The Great Lost Beer #BrewedAwakening

By / Wine + Drinks / October 12th, 2017 / 7

Sometimes you find yourself in possession of a beer that for some reason you don’t drink. It might be that it’s the wrong occasion, or you want to share it with a fellow beer lover next time they visit. So you stick it in the cellar and forget about it, or it is moved to the back of the fridge.  It gets lost.

Every now and then you catch a glimpse of it while moving other bottles around and you think, “Oh yeah, I’ve gotta drink that.”  But you forget again, and before you know it five years have passed and you are afraid…afraid it’s oxidized or worse.

This week I opened a lost beer, and I’m glad I did. It was a 650 ml bottle of Boxing Rock The Vicar’s Cross from Shelburne, Nova Scotia. This is their Double IPA, 8.5 percent alcohol and well hopped.  I acquired it from an early batch, not too long after they opened back in 2012. Vicar’s Cross is a core brand for Boxing Rock, and has many diehard followers. Those familiar with the beer may remember that the earliest versions were somewhat under-attenuated, so were quite sweet and full bodied. Future batches were drier and better balanced.

A great lost beer, Boxing Rock’s The Vicar’s Cross, aged ~ 5 years

This lost beer tasted great. It was far from stored properly – cellar worthy beer should be aged in a worthy cellar. This was kept in a regular fridge, with associated vibrations and frequent bright light exposure. It poured quite clear (I was careful to hold back the last ounce or two), with a dark amber colour, although there was almost no head.  It tasted malty and hoppy, but not cloyingly sweet nor overly bitter. There was a very English kind of toffeeish note to it,  a nice balance, and  – as with the current version of this ale – it hid its 8.5% alcohol well. There actually wasn’t much sediment, either. It was delicious.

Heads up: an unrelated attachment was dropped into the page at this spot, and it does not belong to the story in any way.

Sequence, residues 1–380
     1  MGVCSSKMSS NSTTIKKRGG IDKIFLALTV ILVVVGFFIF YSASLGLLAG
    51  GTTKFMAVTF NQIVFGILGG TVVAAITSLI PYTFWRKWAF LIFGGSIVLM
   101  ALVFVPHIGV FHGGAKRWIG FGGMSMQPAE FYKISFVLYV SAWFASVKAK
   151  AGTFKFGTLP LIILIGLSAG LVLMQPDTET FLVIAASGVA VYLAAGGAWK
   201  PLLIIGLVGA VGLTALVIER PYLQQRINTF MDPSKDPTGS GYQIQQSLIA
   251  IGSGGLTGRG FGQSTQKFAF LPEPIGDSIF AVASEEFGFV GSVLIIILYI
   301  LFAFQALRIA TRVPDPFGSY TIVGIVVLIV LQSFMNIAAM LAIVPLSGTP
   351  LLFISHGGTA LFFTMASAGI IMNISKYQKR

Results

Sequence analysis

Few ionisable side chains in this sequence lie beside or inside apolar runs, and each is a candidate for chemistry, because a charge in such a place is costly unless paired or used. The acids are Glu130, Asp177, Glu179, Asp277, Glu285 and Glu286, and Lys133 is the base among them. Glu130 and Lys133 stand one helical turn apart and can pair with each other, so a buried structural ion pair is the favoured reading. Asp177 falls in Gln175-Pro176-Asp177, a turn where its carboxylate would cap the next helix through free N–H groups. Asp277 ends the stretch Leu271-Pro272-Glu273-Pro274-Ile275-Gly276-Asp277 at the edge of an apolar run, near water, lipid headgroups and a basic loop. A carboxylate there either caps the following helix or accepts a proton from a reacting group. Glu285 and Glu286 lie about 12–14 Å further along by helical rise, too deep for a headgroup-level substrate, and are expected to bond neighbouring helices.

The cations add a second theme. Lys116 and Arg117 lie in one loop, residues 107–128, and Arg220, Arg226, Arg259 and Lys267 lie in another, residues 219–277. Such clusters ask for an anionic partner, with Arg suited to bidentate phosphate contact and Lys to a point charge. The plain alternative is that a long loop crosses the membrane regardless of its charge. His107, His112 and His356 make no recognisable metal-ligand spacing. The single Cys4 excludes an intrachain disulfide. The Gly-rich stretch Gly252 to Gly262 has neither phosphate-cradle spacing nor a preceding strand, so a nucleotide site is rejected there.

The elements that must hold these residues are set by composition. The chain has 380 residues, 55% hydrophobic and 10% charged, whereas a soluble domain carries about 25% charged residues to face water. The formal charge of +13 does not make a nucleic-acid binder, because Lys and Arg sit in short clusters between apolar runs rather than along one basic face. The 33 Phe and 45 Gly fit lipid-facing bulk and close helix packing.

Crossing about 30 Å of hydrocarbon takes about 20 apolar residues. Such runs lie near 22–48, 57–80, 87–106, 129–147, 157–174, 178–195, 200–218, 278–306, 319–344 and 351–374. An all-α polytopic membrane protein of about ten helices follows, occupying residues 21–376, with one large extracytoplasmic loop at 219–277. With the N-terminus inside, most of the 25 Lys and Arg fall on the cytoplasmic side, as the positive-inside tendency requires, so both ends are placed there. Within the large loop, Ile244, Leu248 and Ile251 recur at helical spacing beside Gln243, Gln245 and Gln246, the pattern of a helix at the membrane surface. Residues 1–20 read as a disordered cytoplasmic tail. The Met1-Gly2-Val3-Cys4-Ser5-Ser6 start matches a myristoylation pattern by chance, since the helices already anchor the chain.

I have a few more (hopefully great) lost beers like this that I will uncork/cap over the next year or so. It will be interesting to see what lies ahead.

Oh, and if you are wondering why I finally opened it, Coronation Street was on and I was out of English style ales. The Vicar winked at me when I opened the fridge, and that was it. 8.5% is a bit much for your first beer on a Sunday, but I guess it was appropriate that it was Vicar’s Cross…


Craig Pinhey discovered good drink circa 1985 at Ginger’s Tavern/Granite Brewery in Halifax and has been writing about beer, wine and spirits for 25 years. A Certified Sommelier and BJCP judge, Craig lives in New Brunswick where he runs his own writing and consulting business and is the beverage columnist for Brunswick News. He is the only person to have judged all of the national wine, spirits and beer awards of Canada.

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